James Joyce's Ulysses is one of the most important literary works of the 20th century. Banned in many countries, including Joyce's native Ireland, it became the great modernist book, influencing writers all over the world, from Woolf and Wolcott to Eliot, Faulkner, and Garcia Marquez.
To celebrate the centenary of Ulysses's publication, Joyce experts Declan Kiberd, Enrico Terrinoni and Catherine Wilsdon have enlisted eighteen artists, writers and thinkers to respond to an episode of the text. Each is an expert in one of the subjects treated in the novel, but what brings them together is a common love of Ulysses.
Yanis Varoufakis writes about Mr Bloom's economic ideas in the Eumaeus episode, Irish obstetrician Rhona Mahony responds to Oxen and the Sun, set in a maternity hospital, and journalist Lara Marlowe examines the Aeolus episode, which takes place in a newspaper office. Joseph O'Connor considers the music-saturated Sirens episode, Mario Vargas Llosa writes about the bigotry and violence of nationalism on display in Cyclops, and Irish philosopher Richard Kearney reflects on the erudite musings of Stephen Dedalus as he walks along Sandymount strand.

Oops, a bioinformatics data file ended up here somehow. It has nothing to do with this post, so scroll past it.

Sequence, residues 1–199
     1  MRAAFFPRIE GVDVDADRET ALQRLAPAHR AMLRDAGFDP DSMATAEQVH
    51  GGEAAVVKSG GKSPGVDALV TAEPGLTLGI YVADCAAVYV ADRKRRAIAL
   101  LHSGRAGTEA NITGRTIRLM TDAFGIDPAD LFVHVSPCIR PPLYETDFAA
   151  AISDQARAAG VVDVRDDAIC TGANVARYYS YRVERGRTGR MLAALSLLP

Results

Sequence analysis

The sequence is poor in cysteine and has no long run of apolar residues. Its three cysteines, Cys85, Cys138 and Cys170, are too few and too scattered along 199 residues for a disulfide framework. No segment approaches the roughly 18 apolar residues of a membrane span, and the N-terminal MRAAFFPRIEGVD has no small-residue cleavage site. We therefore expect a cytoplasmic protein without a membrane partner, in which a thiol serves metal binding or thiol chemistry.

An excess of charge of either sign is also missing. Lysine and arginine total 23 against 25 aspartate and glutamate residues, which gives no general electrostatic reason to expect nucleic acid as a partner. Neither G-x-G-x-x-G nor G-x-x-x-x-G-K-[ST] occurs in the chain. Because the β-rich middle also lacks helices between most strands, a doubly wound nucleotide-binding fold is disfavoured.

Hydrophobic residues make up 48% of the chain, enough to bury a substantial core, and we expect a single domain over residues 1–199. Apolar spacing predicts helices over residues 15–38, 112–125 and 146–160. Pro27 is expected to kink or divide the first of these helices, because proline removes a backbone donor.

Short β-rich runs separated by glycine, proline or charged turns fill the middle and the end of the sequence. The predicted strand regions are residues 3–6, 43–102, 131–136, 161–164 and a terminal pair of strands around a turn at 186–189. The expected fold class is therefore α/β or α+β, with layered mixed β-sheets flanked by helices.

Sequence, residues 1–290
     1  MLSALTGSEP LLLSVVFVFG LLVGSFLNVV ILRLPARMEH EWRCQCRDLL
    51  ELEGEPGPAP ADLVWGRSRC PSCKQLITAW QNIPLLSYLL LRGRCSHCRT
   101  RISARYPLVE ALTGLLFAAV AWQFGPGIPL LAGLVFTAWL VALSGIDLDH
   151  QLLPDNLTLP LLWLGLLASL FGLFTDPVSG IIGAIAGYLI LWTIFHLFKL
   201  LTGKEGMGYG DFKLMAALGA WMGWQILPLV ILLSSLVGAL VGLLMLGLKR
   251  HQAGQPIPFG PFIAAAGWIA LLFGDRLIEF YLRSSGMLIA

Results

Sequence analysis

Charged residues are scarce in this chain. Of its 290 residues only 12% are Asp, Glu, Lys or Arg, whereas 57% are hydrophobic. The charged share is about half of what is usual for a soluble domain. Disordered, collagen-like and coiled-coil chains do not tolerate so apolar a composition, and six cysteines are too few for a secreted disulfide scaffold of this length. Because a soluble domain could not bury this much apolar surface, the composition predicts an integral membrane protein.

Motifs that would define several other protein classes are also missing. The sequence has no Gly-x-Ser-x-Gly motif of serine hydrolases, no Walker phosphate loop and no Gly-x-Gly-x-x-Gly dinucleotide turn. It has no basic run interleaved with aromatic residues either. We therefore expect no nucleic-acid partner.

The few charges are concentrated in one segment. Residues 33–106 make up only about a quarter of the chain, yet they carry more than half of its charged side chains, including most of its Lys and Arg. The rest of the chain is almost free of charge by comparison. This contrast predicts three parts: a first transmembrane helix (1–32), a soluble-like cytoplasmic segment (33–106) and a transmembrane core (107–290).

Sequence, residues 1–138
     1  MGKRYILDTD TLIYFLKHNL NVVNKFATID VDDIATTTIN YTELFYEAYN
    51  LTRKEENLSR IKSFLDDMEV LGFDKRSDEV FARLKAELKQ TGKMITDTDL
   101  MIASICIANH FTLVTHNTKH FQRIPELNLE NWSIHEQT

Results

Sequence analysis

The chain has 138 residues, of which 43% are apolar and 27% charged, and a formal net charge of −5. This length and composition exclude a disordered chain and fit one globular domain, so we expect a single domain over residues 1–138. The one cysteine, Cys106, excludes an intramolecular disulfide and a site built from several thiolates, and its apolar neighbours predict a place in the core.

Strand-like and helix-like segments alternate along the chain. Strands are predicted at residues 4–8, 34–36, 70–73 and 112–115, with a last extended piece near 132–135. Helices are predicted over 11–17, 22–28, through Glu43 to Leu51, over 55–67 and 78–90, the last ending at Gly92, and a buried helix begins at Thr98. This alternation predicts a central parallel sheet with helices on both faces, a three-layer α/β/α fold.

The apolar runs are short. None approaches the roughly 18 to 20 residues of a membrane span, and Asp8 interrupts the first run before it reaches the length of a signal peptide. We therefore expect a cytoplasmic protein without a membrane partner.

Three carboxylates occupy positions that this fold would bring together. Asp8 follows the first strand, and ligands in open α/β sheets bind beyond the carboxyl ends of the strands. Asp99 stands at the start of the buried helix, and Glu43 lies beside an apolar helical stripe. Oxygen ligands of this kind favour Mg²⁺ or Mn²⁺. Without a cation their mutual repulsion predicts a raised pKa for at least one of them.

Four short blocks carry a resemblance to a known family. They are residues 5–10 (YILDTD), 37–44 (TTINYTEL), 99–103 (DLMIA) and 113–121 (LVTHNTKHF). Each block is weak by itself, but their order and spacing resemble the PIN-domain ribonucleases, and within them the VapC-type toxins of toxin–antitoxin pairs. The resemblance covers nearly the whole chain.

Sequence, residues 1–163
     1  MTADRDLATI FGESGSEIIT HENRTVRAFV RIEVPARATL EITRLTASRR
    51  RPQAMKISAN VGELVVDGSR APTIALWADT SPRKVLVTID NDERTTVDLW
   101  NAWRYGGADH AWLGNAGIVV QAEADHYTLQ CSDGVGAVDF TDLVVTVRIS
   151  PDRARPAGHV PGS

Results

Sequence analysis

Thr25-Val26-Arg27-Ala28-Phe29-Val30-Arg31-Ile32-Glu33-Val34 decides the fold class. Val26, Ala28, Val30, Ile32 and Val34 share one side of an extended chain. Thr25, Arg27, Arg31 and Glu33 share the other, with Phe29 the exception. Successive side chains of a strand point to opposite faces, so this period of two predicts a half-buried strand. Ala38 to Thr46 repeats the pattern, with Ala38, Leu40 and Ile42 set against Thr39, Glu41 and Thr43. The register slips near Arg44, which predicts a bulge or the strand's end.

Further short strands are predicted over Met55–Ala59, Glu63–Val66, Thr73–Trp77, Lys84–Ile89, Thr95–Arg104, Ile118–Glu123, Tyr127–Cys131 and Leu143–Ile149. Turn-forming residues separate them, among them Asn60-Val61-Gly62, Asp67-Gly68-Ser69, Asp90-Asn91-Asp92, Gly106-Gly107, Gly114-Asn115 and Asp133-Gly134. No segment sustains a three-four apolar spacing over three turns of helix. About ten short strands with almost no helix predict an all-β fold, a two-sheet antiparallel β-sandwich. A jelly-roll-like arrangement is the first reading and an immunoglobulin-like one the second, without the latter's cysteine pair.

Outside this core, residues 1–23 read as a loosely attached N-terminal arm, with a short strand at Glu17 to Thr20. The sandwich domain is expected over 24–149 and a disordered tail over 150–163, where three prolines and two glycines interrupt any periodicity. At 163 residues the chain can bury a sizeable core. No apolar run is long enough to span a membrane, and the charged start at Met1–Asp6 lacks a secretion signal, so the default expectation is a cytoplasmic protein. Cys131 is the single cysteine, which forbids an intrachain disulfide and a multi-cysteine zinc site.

A Book About Everything counters the perception of Ulysses as the sole preserve of academics and instead showcases readers' responses to the book. It is a vivid, even eccentric collection, filled with life and Joycean spirit.